Open Information Extraction: Current Approaches
How can a computer accumulate a massive body of knowledge to support Web search engines of the future?
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To address the questions above, Open IE (IE = Information Extraction) projects have been developed extraction systems that read arbitrary text from any domain on the Web. The goal of these systems is to extract meaningful information that is stored in unified knowledge bases for efficient querying. In contrast to traditional information extraction, the Open Information Extraction paradigm attempts to overcome the knowledge acquisition bottleneck by extracting a large number of relations at once.
- The seminar is open to both bachelor and master students.
- The full list of topics will be online between by 14.09. Each topic will focus a paper that can be used as a starting point for further research.
- First meeting is during the week 15.09-19.09 (concrete date will be fixed at the beginning of the lecture time).
- To pass the seminar each student has to write a seminar paper that describes the topic, relevant approaches, experiments and results (master students 12-15 pages; bachelor students 10-12 pages)
- A presentation will be given at the end of the semester in a block seminar (concrete date will be fixed in the first meeting.
- Both the seminar paper and the presentation have to be written/given in English.
- We will provide a Latex template for writing the seminar paper.
To participate in the course, please write an email to Dr. Christian Meilicke.
Below you will find a list of possible topics for the thesis and presentation (including the "starter" paper). We also welcome proposals from students.
- Title: Foundations of Open Information Extraction.
Content: What is IE? What is OIE? Clarify the differences and give precise definition. Give a an overview of existing OIE different systems/approaches and link them to the groups that are working on these issues. What is the difference between the first and the second generation of OIE. The resulting paper should be a survey paper that gives a good overview on the topic.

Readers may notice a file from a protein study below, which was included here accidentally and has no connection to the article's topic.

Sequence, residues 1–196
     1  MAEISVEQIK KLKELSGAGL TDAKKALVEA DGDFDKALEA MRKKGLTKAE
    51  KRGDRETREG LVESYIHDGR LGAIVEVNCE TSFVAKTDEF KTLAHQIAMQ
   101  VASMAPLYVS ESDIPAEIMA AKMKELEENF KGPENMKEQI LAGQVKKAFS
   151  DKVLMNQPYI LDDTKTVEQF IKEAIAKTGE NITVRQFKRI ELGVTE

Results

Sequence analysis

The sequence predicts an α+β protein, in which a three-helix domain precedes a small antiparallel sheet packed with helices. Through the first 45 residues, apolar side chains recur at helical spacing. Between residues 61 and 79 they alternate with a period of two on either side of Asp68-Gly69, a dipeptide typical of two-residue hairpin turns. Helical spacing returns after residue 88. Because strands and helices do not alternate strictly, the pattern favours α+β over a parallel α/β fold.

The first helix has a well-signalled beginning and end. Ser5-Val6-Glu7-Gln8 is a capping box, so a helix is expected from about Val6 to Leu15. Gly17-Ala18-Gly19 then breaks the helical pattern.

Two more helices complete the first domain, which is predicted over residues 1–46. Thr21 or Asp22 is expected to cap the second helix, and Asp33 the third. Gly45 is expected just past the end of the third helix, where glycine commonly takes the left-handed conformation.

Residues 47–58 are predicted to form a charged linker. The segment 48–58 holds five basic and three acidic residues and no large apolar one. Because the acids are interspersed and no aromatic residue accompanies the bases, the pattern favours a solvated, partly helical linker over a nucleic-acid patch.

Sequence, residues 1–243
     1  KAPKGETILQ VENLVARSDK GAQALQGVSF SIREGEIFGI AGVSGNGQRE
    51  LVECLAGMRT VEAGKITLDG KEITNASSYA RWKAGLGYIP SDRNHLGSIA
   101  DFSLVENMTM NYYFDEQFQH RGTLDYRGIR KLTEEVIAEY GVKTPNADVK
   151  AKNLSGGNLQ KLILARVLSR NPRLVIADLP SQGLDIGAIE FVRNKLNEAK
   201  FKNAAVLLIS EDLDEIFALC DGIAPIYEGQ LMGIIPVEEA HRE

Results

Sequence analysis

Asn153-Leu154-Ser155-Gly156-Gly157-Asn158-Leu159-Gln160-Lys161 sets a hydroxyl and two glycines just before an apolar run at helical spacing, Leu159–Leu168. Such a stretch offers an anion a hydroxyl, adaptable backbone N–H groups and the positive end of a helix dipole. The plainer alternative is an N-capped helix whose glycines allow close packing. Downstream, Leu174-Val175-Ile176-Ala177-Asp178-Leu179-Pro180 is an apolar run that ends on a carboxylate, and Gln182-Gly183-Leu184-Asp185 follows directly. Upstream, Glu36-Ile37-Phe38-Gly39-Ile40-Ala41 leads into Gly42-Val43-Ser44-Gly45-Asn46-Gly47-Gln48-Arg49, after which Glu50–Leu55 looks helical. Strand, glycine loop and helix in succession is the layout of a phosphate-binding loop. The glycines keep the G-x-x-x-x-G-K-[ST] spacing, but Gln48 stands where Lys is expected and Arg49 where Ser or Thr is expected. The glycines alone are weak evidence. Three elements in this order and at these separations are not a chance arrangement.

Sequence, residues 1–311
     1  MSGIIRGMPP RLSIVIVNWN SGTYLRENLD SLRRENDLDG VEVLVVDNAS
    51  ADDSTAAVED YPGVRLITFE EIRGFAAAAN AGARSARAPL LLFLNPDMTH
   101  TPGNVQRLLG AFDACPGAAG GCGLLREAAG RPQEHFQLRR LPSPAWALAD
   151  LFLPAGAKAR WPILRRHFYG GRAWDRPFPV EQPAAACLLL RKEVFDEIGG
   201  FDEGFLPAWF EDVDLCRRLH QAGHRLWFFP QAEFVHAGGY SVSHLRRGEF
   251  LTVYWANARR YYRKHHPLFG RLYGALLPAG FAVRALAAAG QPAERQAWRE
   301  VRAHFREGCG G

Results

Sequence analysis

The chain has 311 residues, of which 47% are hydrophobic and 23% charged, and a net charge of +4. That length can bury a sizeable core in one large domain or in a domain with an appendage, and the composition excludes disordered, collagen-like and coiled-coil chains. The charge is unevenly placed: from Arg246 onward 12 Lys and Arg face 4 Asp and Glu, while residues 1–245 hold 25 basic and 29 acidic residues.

Recommended Paper: Michele Banko et al.: Open Information Extraction from the Web. IJCAI, 2007.
- Title: Identifying Knowledge in OIE Results
Content: OIE systems generate in most cases triples as "arnold governor california" that are not semantified, i.e, it is unclear to which entity "arnold" refers to. By mapping these triples (and their parts) to knowledge bases as DBpedia, semantics (= meaning) are attached to the triples. One can call this process knowledge identification. The seminar paper that deals with this topic should clarify the challenge of knowledge identification and report about some approaches that are used to solve this challenge. One of these approaches should be explained in more details.
Recommended Paper: Jay Pujara et al.: Knowledge Graph Identification. ISWC, 2013
- Title: Never ending Language Learning (NELL)
Content: "Read the Web" is a research project that attempts to create a computer system that learns over time to read the web. The system that is alos known as NELL created a large corpus of triples. This seminar work should present the main approach underlying NELL and some of the extensions that have been added in the last years.
Link to Papers: http://rtw.ml.cmu.edu/rtw/publications
Master or Bachelor Topic